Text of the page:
Strip mall signs. Taco trucks. Small business mascots. Many an artist has documented the visual landscape of Los Angeles' streets, but few have felt it as strongly as Billy Kheel.
For his last show, "Sunset Stitches," at Trencher, a cafe in Echo Park, the 40-year-old Silver Lake artist crafted painstakingly detailed felt-applique soft sculptures based on local commercial signage -- including the revolving podiatry clinic beacon at Sunset Boulevard and Benton Way known colloquially as "Happy Foot, Sad Foot."
Kheel, who has an Etsy shop, will be exhibiting at the Renegade Craft Fair in Los Angeles on Saturday and Sunday. Among his other handmade works, which he calls "Vegan Taxidermy," Kheel will be offering ornament-sized versions of Happy Foot and Sad Foot (as shown in the photograph above, with Kheel) for $25.
"I am not interested in making cutesy cupcakes or putting a bird on something," Kheel says of his work. "I like to flip felt on its head. It can be cuddly and crafty, but it's also sporty and used in athletic pennants and varsity jackets. That dichotomy interested me and I started using felt to make images. Then I got interested in taxidermy and it became sculpture. "
Indeed, though he studied oil painting at
He moved on to make giant felt applique sports pennants based on baseball and football cards and a series of felt trophies of game fish such as marlins, and a dorado with a Dodgers logo.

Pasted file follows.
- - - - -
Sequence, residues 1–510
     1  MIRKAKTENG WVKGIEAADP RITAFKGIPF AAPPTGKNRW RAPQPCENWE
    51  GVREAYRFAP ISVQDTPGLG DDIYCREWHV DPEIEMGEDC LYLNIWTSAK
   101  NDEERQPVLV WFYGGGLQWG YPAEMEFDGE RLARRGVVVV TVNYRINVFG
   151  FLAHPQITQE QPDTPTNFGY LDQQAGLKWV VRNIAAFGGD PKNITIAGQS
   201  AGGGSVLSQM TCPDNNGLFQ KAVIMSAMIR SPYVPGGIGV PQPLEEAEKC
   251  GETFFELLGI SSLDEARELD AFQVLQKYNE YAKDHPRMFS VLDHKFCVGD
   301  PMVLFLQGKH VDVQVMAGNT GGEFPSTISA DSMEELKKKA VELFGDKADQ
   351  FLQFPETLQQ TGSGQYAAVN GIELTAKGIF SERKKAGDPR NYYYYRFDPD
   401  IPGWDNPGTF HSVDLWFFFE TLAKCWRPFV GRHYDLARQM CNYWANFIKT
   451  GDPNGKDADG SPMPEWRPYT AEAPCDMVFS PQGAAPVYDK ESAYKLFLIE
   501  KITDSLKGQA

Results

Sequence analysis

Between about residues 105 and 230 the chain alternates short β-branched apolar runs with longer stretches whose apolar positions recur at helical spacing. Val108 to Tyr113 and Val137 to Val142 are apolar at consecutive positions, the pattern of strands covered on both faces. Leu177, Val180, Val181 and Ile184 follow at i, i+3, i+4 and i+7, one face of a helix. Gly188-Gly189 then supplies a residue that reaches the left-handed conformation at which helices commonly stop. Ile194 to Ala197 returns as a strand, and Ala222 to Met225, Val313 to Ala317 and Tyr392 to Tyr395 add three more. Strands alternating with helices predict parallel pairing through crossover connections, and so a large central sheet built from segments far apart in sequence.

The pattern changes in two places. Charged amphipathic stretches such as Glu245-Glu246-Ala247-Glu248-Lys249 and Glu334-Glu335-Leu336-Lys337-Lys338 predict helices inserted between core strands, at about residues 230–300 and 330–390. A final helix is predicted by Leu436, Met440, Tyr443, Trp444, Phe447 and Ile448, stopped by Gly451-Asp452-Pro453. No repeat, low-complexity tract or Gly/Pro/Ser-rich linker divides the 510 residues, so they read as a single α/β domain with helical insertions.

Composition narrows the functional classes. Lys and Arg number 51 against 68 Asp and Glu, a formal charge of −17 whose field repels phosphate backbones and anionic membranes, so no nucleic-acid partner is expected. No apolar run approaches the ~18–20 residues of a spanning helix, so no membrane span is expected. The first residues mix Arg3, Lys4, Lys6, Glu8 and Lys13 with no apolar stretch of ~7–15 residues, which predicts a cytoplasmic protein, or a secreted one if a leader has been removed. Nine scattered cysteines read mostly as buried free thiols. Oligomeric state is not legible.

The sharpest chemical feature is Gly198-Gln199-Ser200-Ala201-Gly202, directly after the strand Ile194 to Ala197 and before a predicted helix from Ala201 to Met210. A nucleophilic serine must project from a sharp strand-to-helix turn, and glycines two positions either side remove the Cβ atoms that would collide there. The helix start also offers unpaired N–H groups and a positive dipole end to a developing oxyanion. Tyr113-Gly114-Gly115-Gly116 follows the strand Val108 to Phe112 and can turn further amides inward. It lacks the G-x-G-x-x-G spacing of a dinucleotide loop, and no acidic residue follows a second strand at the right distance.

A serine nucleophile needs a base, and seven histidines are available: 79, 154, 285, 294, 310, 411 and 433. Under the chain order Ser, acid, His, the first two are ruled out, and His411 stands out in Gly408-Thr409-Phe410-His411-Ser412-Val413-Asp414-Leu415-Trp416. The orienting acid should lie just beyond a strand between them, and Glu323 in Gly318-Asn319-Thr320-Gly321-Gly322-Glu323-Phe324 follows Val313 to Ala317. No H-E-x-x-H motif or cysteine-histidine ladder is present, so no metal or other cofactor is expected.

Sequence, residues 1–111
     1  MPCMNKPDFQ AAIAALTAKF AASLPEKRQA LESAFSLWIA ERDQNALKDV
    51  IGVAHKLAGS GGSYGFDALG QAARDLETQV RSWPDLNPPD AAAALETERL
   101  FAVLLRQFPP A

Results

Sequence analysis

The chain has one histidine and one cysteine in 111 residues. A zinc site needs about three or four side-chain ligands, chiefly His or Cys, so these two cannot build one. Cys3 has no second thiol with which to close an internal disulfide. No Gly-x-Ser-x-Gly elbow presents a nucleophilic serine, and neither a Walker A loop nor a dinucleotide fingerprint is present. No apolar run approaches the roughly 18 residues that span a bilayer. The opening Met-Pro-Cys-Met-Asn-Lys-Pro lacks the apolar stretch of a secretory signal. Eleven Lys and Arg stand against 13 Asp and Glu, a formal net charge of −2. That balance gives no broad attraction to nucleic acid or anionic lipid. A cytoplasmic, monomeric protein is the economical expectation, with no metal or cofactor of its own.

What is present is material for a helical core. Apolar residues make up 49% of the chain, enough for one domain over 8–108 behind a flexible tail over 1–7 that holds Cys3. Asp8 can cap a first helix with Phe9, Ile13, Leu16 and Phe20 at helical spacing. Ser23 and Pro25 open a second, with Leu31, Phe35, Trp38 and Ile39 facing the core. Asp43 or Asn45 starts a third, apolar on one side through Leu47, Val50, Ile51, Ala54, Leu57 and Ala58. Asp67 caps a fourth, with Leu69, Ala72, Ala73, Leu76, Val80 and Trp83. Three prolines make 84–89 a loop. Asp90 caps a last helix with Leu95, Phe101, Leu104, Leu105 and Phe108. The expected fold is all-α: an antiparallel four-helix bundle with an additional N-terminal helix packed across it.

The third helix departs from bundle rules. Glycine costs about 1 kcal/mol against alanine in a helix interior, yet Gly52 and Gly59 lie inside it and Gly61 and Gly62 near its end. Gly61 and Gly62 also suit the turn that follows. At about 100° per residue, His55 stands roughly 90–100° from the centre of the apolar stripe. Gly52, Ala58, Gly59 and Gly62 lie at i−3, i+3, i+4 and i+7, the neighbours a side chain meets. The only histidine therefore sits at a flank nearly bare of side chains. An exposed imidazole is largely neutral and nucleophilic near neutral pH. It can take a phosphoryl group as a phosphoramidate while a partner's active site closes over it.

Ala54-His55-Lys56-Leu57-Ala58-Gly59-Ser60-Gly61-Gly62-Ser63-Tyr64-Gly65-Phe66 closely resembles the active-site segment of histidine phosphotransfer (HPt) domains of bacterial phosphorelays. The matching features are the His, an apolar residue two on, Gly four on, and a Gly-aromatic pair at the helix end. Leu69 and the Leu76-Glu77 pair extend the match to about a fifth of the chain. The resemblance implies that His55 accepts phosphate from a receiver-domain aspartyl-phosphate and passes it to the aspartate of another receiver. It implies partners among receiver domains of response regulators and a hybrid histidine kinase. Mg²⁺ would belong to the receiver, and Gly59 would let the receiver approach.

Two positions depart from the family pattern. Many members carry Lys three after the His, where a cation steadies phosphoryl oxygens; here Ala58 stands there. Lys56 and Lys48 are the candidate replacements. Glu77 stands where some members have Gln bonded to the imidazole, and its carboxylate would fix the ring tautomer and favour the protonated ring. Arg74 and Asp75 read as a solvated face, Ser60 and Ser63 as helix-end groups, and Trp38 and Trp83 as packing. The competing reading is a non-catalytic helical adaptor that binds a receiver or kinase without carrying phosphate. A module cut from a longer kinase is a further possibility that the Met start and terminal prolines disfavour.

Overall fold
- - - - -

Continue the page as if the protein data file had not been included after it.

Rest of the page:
A father of two, Kheel, who has taught a workshop at the Craft and Folk Art Museum, aimed to elevate the material of cheaply manufactured kids' toys, and discovered the work of Chain Gang L.A., a local custom workshop that specializes in jacket stitchery for car enthusiasts. In the past couple of years, he has turned to strip mall signs for inspiration.
“The one I absolutely had to do was Happy Foot, Sad Foot,” Kheel says. “It’s been immortalized in a book by David Foster Wallace and a song by the
Kheel, who sells his designs as pillows and wall pieces (complete with grommets for hanging) for $80 to $120 and also does custom commissions, has also immortalized the Circus Liquor clown, the Burrito King donkey and now-defunct signs including the Pioneer Chicken chef.
"The Circus Liquor clown is the scariest thing ever," Kheel says. "And the Pioneer sign was a covered wagon with an Italian chef holding a chicken. You have to wonder what they were thinking. These are such idiosyncratic funny characters. They were not market-tested, they would never be designed for a new business, and yet they take on lives of their own, and then some of them disappear."